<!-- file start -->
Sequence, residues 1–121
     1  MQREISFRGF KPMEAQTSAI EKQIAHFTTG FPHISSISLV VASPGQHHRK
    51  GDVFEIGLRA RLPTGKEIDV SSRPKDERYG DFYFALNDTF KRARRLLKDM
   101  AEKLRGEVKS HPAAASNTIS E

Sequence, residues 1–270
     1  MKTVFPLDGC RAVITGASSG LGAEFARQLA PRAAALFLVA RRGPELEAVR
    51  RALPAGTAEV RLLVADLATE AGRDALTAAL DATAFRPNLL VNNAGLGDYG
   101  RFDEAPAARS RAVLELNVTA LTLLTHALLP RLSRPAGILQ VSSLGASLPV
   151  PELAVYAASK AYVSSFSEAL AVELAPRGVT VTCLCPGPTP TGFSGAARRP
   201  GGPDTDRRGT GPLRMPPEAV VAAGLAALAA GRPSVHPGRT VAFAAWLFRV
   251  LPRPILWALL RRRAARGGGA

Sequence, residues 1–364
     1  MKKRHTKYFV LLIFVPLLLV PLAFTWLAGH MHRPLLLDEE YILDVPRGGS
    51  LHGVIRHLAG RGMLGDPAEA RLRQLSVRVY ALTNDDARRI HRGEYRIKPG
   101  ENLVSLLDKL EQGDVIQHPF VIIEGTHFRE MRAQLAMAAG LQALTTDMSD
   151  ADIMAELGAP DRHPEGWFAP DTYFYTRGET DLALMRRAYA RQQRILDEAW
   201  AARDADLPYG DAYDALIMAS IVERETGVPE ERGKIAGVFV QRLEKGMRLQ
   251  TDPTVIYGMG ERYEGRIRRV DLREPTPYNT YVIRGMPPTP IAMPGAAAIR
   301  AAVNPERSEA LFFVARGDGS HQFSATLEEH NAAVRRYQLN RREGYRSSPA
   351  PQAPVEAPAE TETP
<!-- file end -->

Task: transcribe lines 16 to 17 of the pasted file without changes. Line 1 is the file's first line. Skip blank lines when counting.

   151  ADIMAELGAP DRHPEGWFAP DTYFYTRGET DLALMRRAYA RQQRILDEAW
   201  AARDADLPYG DAYDALIMAS IVERETGVPE ERGKIAGVFV QRLEKGMRLQ